What was on the up-and-up at the Association for Unmanned Vehicle Systems International (AUVSI) Unmanned Systems North America convention? The question is more like, what’s on the up and coming back down? How about throwable robots.
Technology has made on-the-ground recon robots lighter and more durable, and the military announced Wednesday a $6 million purchase of throwable robots from ReconRobotics.
Popular Science was at the convention last week and described the benefits of “throwbots” compared to other robots in combat and emergency situations:
What soldiers in, say, Afghanistan really need is a robot intuitive enough that any soldier can pick up the controls, and something highly portable and easily deployable on a moment’s notice so it can quickly begin feeding real-time intelligence to mission commanders when threats emerge on short notice.
In short, they need a small, simple robot they can throw or launch over walls or into second-story windows, something that soldiers can control with handheld Xbox-like controls that come naturally to young men and women of a certain generation, something that can beam them back video and/or other information from a safe distance (and as stealthily as possible). And at AUVSI that need was being met with a smattering of little robots that company reps couldn’t wait to let us abuse.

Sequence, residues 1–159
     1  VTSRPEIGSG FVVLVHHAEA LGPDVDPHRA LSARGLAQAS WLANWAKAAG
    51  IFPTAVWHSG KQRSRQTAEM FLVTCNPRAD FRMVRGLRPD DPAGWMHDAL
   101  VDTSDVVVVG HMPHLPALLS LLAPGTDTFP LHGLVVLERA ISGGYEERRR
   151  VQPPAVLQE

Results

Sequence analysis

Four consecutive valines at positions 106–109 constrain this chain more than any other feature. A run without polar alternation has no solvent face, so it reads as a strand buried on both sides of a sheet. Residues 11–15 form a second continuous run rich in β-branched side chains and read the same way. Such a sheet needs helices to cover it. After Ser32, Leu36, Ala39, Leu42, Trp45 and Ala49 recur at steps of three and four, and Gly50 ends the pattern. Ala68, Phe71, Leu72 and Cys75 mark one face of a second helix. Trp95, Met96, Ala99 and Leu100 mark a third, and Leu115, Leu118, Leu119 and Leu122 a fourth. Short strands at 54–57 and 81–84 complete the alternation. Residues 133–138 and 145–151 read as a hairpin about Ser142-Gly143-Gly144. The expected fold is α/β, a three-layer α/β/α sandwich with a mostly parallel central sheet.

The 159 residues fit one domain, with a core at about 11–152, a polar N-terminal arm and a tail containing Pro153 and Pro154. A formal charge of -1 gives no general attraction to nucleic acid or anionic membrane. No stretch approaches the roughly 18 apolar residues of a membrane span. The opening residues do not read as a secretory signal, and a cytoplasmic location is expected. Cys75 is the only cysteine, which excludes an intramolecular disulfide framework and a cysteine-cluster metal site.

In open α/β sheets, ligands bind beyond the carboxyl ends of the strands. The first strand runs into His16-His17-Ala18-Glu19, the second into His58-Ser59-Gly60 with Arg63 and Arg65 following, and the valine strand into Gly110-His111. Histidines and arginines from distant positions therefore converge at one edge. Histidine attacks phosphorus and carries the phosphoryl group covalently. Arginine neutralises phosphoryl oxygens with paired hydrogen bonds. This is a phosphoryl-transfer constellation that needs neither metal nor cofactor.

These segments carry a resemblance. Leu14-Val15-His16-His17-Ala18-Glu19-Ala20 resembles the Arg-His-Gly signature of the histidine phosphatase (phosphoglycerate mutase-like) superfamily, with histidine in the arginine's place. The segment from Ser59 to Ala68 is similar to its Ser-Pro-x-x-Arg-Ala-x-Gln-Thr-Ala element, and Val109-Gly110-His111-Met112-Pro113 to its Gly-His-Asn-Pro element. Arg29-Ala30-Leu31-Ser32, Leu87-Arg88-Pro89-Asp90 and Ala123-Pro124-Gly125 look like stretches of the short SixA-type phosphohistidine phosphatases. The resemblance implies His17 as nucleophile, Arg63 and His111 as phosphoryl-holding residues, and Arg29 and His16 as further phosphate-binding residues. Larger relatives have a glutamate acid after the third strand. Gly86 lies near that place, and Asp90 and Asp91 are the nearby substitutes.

Popular Science goes on to report that use of robots as the front line has grown in popularity during the last decade, but the first generation of these robots were complicated, heavy and required special training for use. Now, almost every company that does work with reconnaissance robotics, it states, is investing in making these lighter, more durable machines:
“One time we dropped it out of a helicopter from more than 100 feet,” one of the designers [told Popular Science]. “The worst that happened was that one wheel was slightly damaged so it wanted to drive a little wobbly. But it still rolled.”
Depending on the company, throwbots can range from five to 10 pounds and feature infrared technology, cameras and can seek out IEDs. Here are videos of just a few:
Dragon Runner 10 by QinetiQ:
FirstLook by iRobot:
The military announced Wednesday that it awarded ReconRobotics, an Edina, Minn., company, nearly $6 million to build its version of these throwbots. ReconRobotic’s Recon Scout XT weights a little more than a pound, can be deployed in five seconds and thrown up to 120 feet.
Watch this video to learn more about Recon Scout:
Popular Science reported earlier this year that throwbots are also being used by police and firefighters in the United States.
The Associated Press contributed to this report.